Don't be shy with the herbs--it will look like a lot when you dump them in, but you'll be glad you did.

Best Herbed Pizza Crust

1 1/2 cup warm water
2 tsp active dry yeast
2 tbsp honey
1/4 cup olive oil
2 tsp sea salt
3 cups white flour
1 cup wheat flour
4 tbsp chopped herbs (thyme, rosemary, chives, parsley, oregano)
some flour for the surface
spray olive oil

Suggested toppings:

thinly sliced sausage
mushrooms
kale
arugula
carmelized onion
broccoli
tomatoes
prosciuotto
scallion
basil pesto
garlic
mozarella cheese


Stir honey into the warm water and sprinkle with yeast. Let it get foamy (about 5 minutes). Mix flour with salt in a mixer. After the yeast mixture is foamy, whisk in the olive oil.  Pour the wet mixture into the flour mixture, and mix just until the dough begins to stick together. Add in the herbs until the dough is sticky but holds together and the herbs are well distributed. Place the dough ball in an oiled bowl and turn around so all sides are slick with oil. Spray oil the top and cover with plastic wrap. Let the dough rise for an hour. Cut in half (or third if you like thin pizza) and shape into a round (or a rectangle, depending on the shape of your pan) and place on a hot, oiled pizza stone or cast iron pizza pan. Decorate! Pop it into the oven at 400 degrees F until the cheese is melted. Slide off onto a cutting board; cut into slices and enjoy!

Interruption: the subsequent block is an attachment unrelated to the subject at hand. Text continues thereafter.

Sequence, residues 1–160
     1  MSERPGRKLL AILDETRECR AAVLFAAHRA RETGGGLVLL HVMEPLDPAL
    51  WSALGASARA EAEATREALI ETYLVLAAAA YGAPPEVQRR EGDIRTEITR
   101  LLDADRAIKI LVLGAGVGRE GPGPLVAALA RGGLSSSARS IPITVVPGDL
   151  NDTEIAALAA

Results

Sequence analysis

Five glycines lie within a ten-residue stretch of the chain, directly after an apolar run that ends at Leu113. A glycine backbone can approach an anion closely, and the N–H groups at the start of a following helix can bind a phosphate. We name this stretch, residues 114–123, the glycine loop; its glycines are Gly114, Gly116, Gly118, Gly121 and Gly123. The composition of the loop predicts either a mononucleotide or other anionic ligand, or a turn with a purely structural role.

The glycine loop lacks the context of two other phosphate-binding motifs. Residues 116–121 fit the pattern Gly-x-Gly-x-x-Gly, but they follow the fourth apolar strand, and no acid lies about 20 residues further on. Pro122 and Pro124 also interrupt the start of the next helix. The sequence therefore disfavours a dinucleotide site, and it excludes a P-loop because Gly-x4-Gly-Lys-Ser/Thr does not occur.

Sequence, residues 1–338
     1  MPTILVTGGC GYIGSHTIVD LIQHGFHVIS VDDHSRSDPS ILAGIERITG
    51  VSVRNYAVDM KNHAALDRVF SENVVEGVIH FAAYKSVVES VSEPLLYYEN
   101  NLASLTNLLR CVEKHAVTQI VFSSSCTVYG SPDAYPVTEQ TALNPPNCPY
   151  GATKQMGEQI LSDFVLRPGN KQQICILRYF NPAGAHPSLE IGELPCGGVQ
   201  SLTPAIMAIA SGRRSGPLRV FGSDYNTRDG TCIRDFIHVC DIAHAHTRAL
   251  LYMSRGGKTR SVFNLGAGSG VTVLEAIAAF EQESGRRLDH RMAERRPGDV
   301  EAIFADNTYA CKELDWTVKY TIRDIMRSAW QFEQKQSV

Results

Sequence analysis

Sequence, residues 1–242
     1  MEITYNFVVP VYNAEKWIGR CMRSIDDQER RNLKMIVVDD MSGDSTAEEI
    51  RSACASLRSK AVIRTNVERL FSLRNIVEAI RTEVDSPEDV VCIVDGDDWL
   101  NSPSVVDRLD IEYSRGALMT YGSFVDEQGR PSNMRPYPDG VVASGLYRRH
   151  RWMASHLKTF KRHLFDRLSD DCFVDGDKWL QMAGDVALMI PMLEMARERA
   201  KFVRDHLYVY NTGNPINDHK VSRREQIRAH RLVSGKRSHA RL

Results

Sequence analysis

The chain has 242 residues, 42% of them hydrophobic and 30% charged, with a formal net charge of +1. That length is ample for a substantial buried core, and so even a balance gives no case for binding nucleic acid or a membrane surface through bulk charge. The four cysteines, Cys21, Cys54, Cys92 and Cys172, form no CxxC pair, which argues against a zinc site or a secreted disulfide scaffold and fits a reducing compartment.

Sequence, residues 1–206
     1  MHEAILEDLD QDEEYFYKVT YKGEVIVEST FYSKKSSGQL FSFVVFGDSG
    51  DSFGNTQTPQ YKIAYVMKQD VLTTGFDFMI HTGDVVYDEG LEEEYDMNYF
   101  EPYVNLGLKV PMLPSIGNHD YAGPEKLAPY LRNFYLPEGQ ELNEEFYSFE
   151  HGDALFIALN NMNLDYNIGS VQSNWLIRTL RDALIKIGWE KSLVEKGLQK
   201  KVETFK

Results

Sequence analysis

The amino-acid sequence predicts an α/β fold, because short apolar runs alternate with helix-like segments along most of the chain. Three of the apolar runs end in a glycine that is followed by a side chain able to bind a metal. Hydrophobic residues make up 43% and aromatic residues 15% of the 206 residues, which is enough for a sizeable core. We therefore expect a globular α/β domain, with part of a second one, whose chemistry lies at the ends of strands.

Monday, June 16, 2014

Herb Your Enthusiasm

We inherited the most beautiful garden that anyone could ever ask for when we moved from Brooklyn to Troy, New York. But with such a garden comes immense responsibility. This past weekend, I found the herbs in the garden to be tremendously overgrown, with some in danger of going to seed. So I had to take swift action. I pruned all of the herbs and made lots of herbed butter, added dill to pickled beets, and I made a quiche that's a real keeper.

I remember friends in London making a pie-like dinner once with what seemed like an ethereal ease. I've always struggled with crusts, so whenever I watch someone make a crust and transfer it to a pie pan, I am in awe. So I messaged my UK friends and got the recipe: flour, butter, salt, cold water. Then I looked around for a recipe for the rest. I didn't want to have to go to the grocery store, so I just looked around for what I had in the house: smoked chicken sausage in the freezer, a lone yam, some garlic cloves, red onion, and a ton of broccoli leaves from my overripe broccoli plants.